Competition policy on SOEs must be clear - commissioner

Cape Town - There should be a clear competition policy on state-owned enterprises which addresses, among other things, transparency in pricing, cross-subsidisation and bailouts, according to Competition Commission head Tembinkosi Bonakele.

He said the effectiveness of the Competition Act needs to be looked at, especially in relation to concentration. The SA economy is one of the most concentrated in the world and at least 70% of economic sectors are dominated by three to four large firms commanding average market shares of between 46% and 67%.

That is why, in his view, competition policy and execution in developing countries must respond to the local challenges of inequality, unemployment and poverty.

State-owned enterprises (SOEs), which often have monopolies over infrastructure, prefer to do business with large firms over SMMEs, according to Bonakele.

One of the commission’s abuse of dominance cases is against Transnet, which has been accused of excessive pricing and discrimination in favour of larger firms, he said at the Competition Law, Economics and Policy Conference at the Gordon Institute of Business Science on Thursday.

Regulation

As for regulation, the commission has observed that the standards authorities have "largely surrendered to incumbents who develop the standards to exclude new entrants and disrupters".

That is why the commission has engaged with the South African Bureau of Standards (SABS) in this regard and is also investigating some of the industry associations which have "usurped the authority of the standards setting authorities".

"A key strategic role for a competition authority operating in this environment is to lower barriers to entry and promote market access. Barriers to entry in SA have manifested themselves in market conduct or firms’ behaviour, which may be abuse of dominance or cartels aimed at preventing entry or excluding small competitors," he said.  

The commission has observed how firms strategically increase barriers to entry. These include large companies combining abuse of dominance with cartel conduct, forming exclusionary export clubs and engaging in exclusionary conduct. Examples of these include rebates and price discrimination in favour of large buyers.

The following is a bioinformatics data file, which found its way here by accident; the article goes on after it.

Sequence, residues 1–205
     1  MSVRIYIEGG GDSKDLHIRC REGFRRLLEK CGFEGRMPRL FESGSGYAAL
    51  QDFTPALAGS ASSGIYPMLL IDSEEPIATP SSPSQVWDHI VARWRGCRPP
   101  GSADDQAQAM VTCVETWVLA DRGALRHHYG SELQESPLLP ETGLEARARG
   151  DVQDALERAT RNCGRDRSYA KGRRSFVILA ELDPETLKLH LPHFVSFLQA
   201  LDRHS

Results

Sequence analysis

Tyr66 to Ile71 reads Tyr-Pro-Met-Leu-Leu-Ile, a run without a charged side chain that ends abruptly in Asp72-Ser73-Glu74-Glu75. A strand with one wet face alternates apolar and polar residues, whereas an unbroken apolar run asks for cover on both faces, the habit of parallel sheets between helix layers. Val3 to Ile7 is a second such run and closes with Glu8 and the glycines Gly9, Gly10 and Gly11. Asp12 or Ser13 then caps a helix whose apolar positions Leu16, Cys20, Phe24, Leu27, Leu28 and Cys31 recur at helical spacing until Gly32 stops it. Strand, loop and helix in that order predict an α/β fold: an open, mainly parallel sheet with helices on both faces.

"We have also seen strategic use of supply contracts that favour particular incumbents and exclude SMMEs and smaller firms. The worst of this has been outright cartels which include market allocation masquerading as genuine market segmentation," he said.

Regulatory barriers include the quantitative restrictions on the number of participants through licensing, resulting in insurmountable first mover advantages. Subsequent licensing of new players is often not accompanied by appropriate regulations to level the playing field. This is particularly rife in the telecommunications and financial services sectors.

Procurement

Procurement rules also favour large incumbents as they promote a "winner takes all" outcome largely based on price, which large firms are able to achieve due to advantages of economies of scale.

"Often, the so-called lowest price is in any event misleading because of the prevalent cost escalations post the award of tenders," said Bonakele.

Rigorous enforcement
   
On market conduct, competition authorities must continue with rigorous enforcement, focusing on those sectors most crucial for consumers - especially the poor - and economic growth, according to Bonakele.

"We need smarter regulation aimed at promoting rivalry and sustainable entry into markets. The commission will step up its advocacy efforts - including assessing the effectiveness of regulation in regulated sectors - and make appropriate recommendations," he said.

"The commission will continue working with our counterparts within the Southern African Development Community and the continent as chair of the African Competition Forum, to strengthen competition policy and enforcement."

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